Ffirends, the facts are, the churches fell into apostasy very quickly. Error had started creeping in even in the days of the apostles, hence the writings of Colossians and Galatians. Most of those so-called Christians were the Gnostics and Coptic “Christians”, who originated from Alexandria in Egypt. Hint: beware of anything from Alexandria when it comes to the Bible or Christianity.
I also haven’t dealt with another issue, that probably snuck by you without noticing. Deever had said “the early church”. Which one? Oh, I see, you mean churchES. Because you’ve got a singular word “church” when I know for a fact that by AD 40 or so, there were several churches. By the way, I’m not a Baptist Brider – don’t stop reading because you assume I am one. I’ll explain shortly what I believe, and why – and why belief in a universal church under the name “Church” is a dangerous thing.
Deever is also advocating the universal church. What’s the latin for universal? “catholic.” Whether he means it or not, he’s advocating a return to Rome. Not too surprising, because Calvinism is Roman Catholic doctrine, just slightly watered and separated from the idolatry of Rome. In other words, John Calvin set himself up as a Scandinavian Pope, of a new kind of Catholic. See my writings on Calvinism for a full length treatment of that.
An essential understanding of Ekklesiology has to come when one studies all uses of the words “Kingdom of God”, “Body of Christ”, “The body” and every incidence of “church”.
Why is this important? Because one realizes very quickly that at no time does the Scripture speak of The Church, but rather, the churches. It’s very interesting to me that one of the essential rules of doctrine is that we NEVER base a doctrine upon a single verse, but rather, the rules of doctrine say that we take ALL of the verses on a subject, and examine them carefully. If one verse seems to say one thing, and all the other verses say something different, we then understand our view of that one verse must then be flawed, and we re-read it in context.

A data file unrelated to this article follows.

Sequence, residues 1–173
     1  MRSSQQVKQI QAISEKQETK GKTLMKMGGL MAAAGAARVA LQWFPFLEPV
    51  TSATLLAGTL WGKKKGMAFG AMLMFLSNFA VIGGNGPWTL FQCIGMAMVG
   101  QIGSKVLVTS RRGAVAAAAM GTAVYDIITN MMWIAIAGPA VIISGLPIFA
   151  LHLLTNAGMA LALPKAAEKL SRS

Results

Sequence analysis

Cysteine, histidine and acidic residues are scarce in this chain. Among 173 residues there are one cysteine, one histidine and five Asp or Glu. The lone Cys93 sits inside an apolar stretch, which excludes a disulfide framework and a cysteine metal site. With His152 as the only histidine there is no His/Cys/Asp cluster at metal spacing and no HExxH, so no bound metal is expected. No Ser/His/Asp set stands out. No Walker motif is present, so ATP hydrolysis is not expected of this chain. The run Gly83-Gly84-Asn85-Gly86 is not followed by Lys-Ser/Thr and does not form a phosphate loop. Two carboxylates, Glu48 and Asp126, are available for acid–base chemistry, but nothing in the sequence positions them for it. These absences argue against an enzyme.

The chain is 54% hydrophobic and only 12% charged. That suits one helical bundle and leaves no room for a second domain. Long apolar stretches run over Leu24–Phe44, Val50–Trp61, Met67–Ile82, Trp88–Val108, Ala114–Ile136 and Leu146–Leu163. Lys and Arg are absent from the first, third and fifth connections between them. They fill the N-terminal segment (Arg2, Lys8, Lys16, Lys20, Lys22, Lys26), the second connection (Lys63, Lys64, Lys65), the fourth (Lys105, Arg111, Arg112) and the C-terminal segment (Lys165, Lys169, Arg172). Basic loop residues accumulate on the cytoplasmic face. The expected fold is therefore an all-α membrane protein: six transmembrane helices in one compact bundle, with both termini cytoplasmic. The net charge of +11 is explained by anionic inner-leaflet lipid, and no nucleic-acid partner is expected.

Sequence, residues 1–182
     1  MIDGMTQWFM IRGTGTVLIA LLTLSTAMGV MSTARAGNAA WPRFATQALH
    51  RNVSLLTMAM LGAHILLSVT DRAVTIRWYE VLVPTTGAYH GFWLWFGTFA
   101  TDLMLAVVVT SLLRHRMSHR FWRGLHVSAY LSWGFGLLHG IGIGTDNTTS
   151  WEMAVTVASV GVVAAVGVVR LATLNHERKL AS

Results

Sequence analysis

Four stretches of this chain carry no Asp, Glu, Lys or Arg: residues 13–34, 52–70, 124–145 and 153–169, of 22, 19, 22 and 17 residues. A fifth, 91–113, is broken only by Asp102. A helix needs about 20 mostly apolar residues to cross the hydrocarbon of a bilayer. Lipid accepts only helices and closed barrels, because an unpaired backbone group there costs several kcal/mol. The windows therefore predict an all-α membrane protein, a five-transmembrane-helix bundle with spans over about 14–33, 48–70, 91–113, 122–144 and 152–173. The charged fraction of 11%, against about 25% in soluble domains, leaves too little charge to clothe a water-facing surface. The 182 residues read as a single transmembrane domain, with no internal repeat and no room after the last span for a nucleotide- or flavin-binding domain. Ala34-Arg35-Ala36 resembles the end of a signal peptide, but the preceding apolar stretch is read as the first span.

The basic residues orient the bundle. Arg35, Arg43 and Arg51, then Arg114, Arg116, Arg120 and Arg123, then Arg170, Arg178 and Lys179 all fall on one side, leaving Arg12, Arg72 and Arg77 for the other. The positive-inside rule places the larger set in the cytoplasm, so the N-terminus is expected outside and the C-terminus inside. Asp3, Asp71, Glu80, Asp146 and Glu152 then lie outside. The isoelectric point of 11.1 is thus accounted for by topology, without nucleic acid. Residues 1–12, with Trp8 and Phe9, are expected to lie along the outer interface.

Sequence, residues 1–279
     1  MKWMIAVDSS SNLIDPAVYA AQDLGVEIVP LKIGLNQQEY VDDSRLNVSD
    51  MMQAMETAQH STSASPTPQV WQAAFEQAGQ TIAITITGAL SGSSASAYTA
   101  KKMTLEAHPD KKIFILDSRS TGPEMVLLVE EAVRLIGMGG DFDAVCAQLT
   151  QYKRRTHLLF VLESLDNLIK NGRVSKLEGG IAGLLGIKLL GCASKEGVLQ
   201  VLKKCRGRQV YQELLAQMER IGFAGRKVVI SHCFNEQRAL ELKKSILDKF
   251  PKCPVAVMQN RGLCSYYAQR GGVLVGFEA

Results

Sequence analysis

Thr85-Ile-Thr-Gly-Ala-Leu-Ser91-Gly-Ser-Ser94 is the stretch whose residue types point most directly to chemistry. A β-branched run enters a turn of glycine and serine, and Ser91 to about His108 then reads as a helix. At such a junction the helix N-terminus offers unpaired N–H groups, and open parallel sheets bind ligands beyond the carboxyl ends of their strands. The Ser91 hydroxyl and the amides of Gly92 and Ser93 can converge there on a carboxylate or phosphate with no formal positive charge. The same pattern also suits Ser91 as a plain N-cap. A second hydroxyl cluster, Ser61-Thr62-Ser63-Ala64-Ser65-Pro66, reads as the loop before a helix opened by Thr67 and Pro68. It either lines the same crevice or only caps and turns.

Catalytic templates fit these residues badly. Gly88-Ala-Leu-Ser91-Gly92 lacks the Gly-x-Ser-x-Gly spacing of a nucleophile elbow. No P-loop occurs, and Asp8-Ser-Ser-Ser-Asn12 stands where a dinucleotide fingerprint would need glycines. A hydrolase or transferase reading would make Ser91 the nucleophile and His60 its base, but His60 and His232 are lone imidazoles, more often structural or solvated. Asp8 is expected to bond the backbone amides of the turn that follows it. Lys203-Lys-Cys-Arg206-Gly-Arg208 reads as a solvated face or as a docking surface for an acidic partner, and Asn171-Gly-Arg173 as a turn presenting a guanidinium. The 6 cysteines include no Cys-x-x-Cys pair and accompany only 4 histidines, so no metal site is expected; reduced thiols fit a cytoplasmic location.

Now, there IS verses that speak of the Body of Christ… which mostly seem to point to a local body of believers. The phrases “body” tend to mean both a local body and a term for all the saved. I’m not very firm on an interpretation of it at this time.
Lastly, the Kingdom of God is… all the saved. That’s what apparently most people mean when they say “The Church”. But I have a strong belief that if the Bible is careful to speak of a church as a local thing, and the Kingdom of God as a universal thing… then we should do the same.